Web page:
Rare Book School
Preliminary Reading List
Information for participants
Read Before Coming and Bring With You to Class
Descriptive Cataloging of Rare Materials (Books). Washington, D.C.: Library of Congress Cataloging Distribution Service, any printing (ISBN:970-0-8444-1162-0), or consult the free PDF. Please note that the front cover is available as a separate PDF file. Before coming to class, paying special attention to the preface and introductory sections, area 4, and Appendix G. Make sure you have this title and not Descriptive Cataloging of Rare Books.
Belanger, Terry. "Descriptive Bibliography," in Book Collecting: a Modern Guide, ed. Jean Peters (New York: R.R. Bowker, 1977), 97-115. This is a mandatory text, but out of print. Students are encouraged to hunt down a copy, read several times, and bring with them to Charlottesville for additional review during the week.
Bring to Class (in addition to DCRM(B))
Twelve copies of your institution’s rare book cataloging policy, if you have one.
Read Before Coming to Class
Gaskell, Philip. A New Introduction to Bibliography. Oxford: Clarendon Press, 1972, rev 1974, &c. 1995 pb version currently in print ( Winchester: St Paul's Bibliographies/ New Castle, DE: Oak Knoll Books). Familiarize yourself with the scope and contents of Gaskell before coming to class, read pages 313-320 (“Identification”), pages 328-335 (“Formula”), and as much else as you have time for.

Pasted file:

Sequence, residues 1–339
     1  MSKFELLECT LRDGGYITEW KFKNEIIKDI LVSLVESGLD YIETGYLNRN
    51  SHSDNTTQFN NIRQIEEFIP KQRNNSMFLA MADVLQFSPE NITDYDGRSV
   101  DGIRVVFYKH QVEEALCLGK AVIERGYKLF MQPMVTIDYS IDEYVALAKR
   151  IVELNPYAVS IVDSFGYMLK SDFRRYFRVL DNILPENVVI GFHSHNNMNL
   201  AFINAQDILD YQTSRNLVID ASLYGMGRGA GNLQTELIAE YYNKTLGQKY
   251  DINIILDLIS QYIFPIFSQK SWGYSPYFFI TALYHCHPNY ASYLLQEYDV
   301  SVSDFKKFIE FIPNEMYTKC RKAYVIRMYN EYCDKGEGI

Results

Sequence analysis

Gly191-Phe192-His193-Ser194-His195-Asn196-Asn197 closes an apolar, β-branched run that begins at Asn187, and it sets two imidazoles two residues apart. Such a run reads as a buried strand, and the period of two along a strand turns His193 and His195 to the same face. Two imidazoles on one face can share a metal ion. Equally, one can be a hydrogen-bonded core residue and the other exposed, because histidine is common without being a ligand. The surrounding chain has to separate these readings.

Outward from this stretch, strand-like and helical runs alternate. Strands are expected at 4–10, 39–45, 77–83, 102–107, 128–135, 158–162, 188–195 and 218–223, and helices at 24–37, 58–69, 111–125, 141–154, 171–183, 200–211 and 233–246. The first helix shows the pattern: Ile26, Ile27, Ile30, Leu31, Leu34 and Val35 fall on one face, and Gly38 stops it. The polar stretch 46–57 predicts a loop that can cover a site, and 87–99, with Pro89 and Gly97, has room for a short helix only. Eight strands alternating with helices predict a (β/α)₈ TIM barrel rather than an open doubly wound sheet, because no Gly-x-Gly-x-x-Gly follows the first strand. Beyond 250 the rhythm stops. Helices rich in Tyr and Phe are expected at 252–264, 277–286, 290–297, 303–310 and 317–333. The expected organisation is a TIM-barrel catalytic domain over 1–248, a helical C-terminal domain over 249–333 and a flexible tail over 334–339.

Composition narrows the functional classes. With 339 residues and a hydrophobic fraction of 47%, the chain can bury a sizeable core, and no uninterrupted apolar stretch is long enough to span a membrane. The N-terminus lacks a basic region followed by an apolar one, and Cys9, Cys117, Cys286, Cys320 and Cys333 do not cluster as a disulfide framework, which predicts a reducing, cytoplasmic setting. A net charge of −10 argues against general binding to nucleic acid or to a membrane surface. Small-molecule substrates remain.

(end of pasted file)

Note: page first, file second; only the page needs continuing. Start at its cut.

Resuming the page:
Leslie, Deborah J. and Benjamin Griffin. Transcription of Early Letter Forms in Rare Materials Cataloging. You may find this slow-going, but starting on understanding the concepts before coming class will give you a head start when we get to advanced transcription.
Optional Pre-Course Reading
Tanselle, G. Thomas. “Descriptive Bibliography and Library Cataloguing,” in Studies in Bibliography 30 (1977), 1-56.
Tanselle, G. Thomas. “The Bibliographical Concepts of Issue and State,” in Papers of the Bibliographical Society of America 69:1 (1975), 17-66.
Post-Course Titles of Potential Interest
Library systems & records
Raine, Henry, and Laura Stalker, “Rare Book Records in Online Systems,” in Rare Books and Manuscripts Librarianship 11:2 (1996), 103-118.
Guide to Rare Book Records in Online Systems, available online. A bit dated, but still useful in identifying aspects and features of online library systems necessary for appropriate indexing, searching, and display of rare materials and special collections.
Overmier, Judith A. and Elaine M. Doak. “Provenance Records in Rare Book and Special Collections,” in Rare Books and Manuscripts Librarianship 11:1 (1996), 91-99.
Bradshaw, Elaine Beckley and Stephen C. Wagner. “A Common Ground: Communication and Allegiance Between Cataloger and Curator for Improved Access to Rare Books and Special Collections,” in College & Research Libraries 61:6 (Nov. 2000): 525-534. Although leaving something to be desired in academic rigor, this article provides an overview of some of the issues involved in setting policy.
Taraba, Suzy. “Administering the cataloging of special collections materials,” in Rare Books and Manuscripts Librarianship 7:2 (1992), 87-90.
Special collections cataloging
Lundy, M. Winslow. “Evidence of Application of the DCRB Core Standard in WorldCat and RLIN,” Library Resources & Technical Services, v.50:1 (2006: Jan ), p. 42-57
Russell, Beth M. “Looking for Someone Special : Special Collections Cataloging, 1980-2000,” in Library Resources and Technical Services 47:4 (Oct 2003), 149-159.